State commissioner rejects bid for insurance rate increase

By on January 5, 2018

Rates would have been higher for houses on the coast. (Voice)

A request for rate increases reaching 25 percent along the coast was turned down by the state insurance commissioner and has been scheduled for a July 23 hearing.

The North Carolina Rate Bureau, which represents the industry, had asked for an average 18.7-percent hike statewide, with increases even higher in coastal counties. Western counties would have seen a much lower increase, according to the state Department of Insurance.

“We are not in agreement with the Rate Bureau’s proposed increases filed Nov. 17, 2017. The next step, according to statute, is to set a hearing date,” Insurance Commissioner Mike Causey said in a statement Friday.


“After hearing and reading the more than 9,000 comments from residents across the state and studying the figures in the filing, it is now necessary to hold a hearing to reach a resolution that will make the most financial sense for our residents and insurance companies.”

The hearing will begin at 10 a.m. in the Second Floor Hearing Room in the Albemarle Building, 325 N. Salisbury St., Raleigh.

Here’s how the Department of Insurance describes the process:

The hearing will be held unless the N.C. Department of Insurance and N.C. Rate Bureau are unable to negotiate a settlement before that date. State law gives the Insurance Commissioner 45 days to issue an order once the hearing concludes. This means the order could be issued in October 2018.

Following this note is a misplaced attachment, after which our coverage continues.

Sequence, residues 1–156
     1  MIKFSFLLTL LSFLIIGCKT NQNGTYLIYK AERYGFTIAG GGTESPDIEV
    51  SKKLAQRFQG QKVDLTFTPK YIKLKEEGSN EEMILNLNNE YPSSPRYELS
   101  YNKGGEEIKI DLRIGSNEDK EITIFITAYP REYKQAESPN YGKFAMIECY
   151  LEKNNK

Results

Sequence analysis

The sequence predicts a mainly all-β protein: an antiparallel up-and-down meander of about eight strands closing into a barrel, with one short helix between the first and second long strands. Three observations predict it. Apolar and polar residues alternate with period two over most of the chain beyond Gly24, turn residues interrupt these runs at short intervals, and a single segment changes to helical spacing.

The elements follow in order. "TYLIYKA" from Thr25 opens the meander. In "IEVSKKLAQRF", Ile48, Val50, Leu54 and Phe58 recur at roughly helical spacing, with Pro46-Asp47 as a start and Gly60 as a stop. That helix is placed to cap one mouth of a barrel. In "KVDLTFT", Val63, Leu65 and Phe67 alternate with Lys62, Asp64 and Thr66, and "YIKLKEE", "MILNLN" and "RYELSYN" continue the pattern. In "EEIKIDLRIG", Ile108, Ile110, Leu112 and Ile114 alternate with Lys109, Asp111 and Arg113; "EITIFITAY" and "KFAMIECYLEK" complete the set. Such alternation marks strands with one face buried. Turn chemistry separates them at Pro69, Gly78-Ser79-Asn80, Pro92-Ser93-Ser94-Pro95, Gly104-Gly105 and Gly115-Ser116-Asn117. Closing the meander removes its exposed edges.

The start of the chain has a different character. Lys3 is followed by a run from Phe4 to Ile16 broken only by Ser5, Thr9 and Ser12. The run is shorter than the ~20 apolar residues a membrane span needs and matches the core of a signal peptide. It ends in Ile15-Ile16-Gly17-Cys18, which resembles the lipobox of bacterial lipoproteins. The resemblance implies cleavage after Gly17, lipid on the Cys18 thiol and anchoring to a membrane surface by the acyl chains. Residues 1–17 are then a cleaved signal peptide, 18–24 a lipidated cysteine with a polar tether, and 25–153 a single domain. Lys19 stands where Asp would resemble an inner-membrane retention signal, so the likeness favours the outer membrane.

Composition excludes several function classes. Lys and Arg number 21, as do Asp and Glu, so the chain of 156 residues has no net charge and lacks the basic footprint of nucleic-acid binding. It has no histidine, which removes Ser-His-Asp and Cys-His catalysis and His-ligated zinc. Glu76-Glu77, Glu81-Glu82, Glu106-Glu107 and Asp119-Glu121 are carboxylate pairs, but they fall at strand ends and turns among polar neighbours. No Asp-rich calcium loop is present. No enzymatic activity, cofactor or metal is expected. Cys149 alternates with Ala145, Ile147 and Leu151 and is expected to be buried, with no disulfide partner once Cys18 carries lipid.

Once the order is issued, the NCRB has the right to appeal the decision before the N.C. Court of Appeals. A Court of Appeals order could then be appealed to the N.C. Supreme Court.


The NCRB and DOI can settle the proposed rate increase at any time during litigation.

An order of no change resulted from the last request for an increase, which was in 2014. In 2012, a request for a 17.1 percent increase was reducd to 7 percent, which took effect in 2013.



  • surf123

    Could the author follow up with an explanation of these rate increases affect those on the coast. We all have three policies (wind & hail, flood, and homeowner’s). Since the homeowners policy excludes the two highest risk items leaving the homeowners policy to cover fire, theft, liability, loss of use and some miscellaneous items. These are minimal risk items when compared to the inland policies that cover wind & hail. When I saw a few weeks ago the insurance companies asked for a 68.7% increase and then reduced it to 25%. If the insurance companies want increases like this they should cover wind & hail and push the responsibility off on the NCIUA.

    Friday, Jan 5 @ 4:38 pm
  • Sam Walker

    See our previous stories on the breakout of the wind and hail portion…

    Sunday, Jan 7 @ 5:04 pm
  • John Kleis

    So coastal residents get punished due to their geographical location….huh! Ya ever think about their economical contribution to the states economy? You have a tourism industry and a commercial and sporting fishing industry and a farming community. Ya know what they say…”no farms…no food.” I’m not an economist,but maybe just flat rating the state would be most fair. People on the coast travel inland for many reasons as well as mountain folk go to the beach. So for the most part we all use all of the state. So….maybe all us tar heels should just share and share alike. One flat rate.

    Sunday, Jan 7 @ 11:40 pm
  • Bud

    Corruption that is in your face and out in the open. How many ways can we degrade laws and morals for the benefit of corporations and the wealthy?

    Thursday, Jan 11 @ 7:03 am
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